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Genocide Took His Parents, Now St. Olaf Gives Him Hope

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(credit: CBS) Bill Hudson
Bill Hudson has been with WCCO-TV since 1989. The native of Elk Rive...
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NORTHFIELD, Minn. (WCCO) — In the baggage claim of MSP International Airport, balloons, signs and nervous anticipation greeted a young man with a simple dream. At 21, Norbert Abayisenga was on his first ever flight, from his native Rwanda to Minnesota.

“Welcome, we’re so excited to have you here,” said an overjoyed Audrey Furman.

Furman was among the group of greeters forming the adoptive family of this soon-to-be international college student.

Abayisenga was born in Rwanda in 1992. Two years later, genocide began devastating his homeland and ripping apart families, including his own.

At such a tender age, Abayisenga had more pain and heartbreak than a person could imagine.

“During the genocide I lost my mother at the age of two,” Norbert said.

The family had fled to the perceived safety of the Congo where late one night their refugee camp was attacked by rebels, killing Norbert’s mother.

His father and two siblings later returned to Rwanda in 1997 when it appeared things had settled down. But sadly, at age seven, Norbert’s father was killed, leaving him and his older siblings orphaned. They bounced between relatives for a short while before landing in an orphanage.

Amazingly, Norbert beat the odds after being enrolled in the New Hope Homes Sonshine school for Rwandan orphans.

Former Twin Cities advertising executive Donna Wiederkehr befriended the school in Rwanda where she soon met Norbert.

“Norbert was number one in his class, his graduating class,” Wiederkehr said. “We’re very proud of him, and he was [the] one that was selected for this just amazing, life-changing opportunity.”

Wiederkehr saw the young man’s promise and went to work to secure him a brighter future. She mentioned his plight to a former colleague, Harvin Furman who is a St. Olaf alum.

Furman quickly contacted acquaintances at the college to explain how the young man would be perfectly suited for the Northfield college.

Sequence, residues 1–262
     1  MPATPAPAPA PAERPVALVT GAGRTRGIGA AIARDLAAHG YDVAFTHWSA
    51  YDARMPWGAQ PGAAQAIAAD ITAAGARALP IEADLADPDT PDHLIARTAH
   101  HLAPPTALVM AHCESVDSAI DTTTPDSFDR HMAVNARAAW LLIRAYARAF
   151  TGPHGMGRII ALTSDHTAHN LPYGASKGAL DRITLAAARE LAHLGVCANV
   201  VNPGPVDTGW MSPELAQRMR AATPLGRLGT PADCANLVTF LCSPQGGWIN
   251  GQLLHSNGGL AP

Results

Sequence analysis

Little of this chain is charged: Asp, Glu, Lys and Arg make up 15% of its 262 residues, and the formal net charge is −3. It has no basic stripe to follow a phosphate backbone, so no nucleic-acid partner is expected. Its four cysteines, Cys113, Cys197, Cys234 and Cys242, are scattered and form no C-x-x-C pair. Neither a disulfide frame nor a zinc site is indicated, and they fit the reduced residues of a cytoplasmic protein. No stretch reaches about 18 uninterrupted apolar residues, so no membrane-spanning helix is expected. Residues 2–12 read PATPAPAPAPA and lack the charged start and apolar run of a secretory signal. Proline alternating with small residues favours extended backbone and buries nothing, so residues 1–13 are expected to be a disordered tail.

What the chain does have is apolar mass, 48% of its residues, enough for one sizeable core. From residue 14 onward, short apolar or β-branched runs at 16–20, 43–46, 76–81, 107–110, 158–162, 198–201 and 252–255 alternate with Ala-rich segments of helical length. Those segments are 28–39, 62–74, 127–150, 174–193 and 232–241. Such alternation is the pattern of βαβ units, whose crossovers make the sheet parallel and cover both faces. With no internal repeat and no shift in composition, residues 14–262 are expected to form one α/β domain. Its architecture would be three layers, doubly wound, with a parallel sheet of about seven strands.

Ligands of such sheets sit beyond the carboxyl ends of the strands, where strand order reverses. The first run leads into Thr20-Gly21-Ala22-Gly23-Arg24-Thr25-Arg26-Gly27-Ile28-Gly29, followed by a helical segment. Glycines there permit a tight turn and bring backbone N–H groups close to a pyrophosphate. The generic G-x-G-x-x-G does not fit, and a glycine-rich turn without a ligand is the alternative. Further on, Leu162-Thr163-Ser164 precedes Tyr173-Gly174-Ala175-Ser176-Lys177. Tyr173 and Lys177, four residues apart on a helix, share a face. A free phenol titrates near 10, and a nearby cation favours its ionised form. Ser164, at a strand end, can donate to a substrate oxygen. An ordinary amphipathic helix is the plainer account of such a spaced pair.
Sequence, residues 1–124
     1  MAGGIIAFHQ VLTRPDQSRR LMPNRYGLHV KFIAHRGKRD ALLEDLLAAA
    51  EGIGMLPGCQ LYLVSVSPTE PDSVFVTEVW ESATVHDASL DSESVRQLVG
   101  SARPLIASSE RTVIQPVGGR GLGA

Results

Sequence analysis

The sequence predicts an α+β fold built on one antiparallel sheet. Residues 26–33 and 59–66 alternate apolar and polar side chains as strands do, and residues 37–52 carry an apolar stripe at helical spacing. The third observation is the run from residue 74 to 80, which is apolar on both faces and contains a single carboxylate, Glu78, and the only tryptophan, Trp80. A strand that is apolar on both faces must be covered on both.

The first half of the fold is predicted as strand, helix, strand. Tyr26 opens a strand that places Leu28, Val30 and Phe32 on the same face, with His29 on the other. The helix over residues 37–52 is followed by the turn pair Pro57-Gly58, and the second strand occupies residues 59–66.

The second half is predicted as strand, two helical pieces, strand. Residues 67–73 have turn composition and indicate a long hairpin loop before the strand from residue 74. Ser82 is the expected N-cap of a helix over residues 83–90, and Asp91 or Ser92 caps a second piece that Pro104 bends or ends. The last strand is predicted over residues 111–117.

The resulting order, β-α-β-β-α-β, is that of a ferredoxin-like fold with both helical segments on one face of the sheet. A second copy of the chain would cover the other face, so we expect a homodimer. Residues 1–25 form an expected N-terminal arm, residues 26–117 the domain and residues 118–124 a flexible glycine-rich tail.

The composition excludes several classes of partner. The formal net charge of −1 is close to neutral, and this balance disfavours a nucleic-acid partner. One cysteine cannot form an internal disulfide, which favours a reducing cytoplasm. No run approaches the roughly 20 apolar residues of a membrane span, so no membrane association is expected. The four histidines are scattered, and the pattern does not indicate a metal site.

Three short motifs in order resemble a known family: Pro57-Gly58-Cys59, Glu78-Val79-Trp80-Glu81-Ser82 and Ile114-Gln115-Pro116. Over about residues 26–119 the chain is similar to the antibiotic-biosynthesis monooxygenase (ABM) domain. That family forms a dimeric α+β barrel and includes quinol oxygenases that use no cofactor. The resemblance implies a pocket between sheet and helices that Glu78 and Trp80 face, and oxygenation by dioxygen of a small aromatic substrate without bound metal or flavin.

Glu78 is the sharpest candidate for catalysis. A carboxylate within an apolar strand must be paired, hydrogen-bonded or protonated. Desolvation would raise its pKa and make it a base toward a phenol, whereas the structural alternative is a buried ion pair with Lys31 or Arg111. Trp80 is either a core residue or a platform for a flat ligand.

Michael Kyle is St. Olaf’s vice president for enrollment and college relations and is credited with helping arrange a scholarship for Norbert. The school has been working hard to expand its commitment to attract more international students.

“I think Norbert will be a better person for having been at St. Olaf,” he said. “But I think even more important, our students will become better people because of their time with Norbert.”

Abayisenga is learning to use a computer for the very first time. He says it’s crucial in these first days of the semester because his class schedule and list of textbooks are all online.

But thanks to Boston roommate, Matt Ferguson, he’s catching on quickly.

Much of what Norbert has in his dorm was donated by total strangers. Wiederkehr posted an appeal on Facebook asking her friends for their support. The outpouring of help has been overwhelming – backpack, shoes, clothes and simple toiletries now fill Norbert’s small dorm room.

He literally came to American with little more than desire – the wish to become a nurse and help others in need.

“My life has been changed because of the life of very many people, so I want to make sure that my life is also effective in other people’s life,” Norbert said.

So for the next four years St. Olaf campus will be his home. Here, it’s more than just one young man working towards a college education. Norbert’s is a story to inspire both strangers and his new found college peers, this student of hardship — lifting the hopes of humanity.

“The first week has been amazing,” Abayisenga said. “And thanks to all [the] people who have made it possible.”

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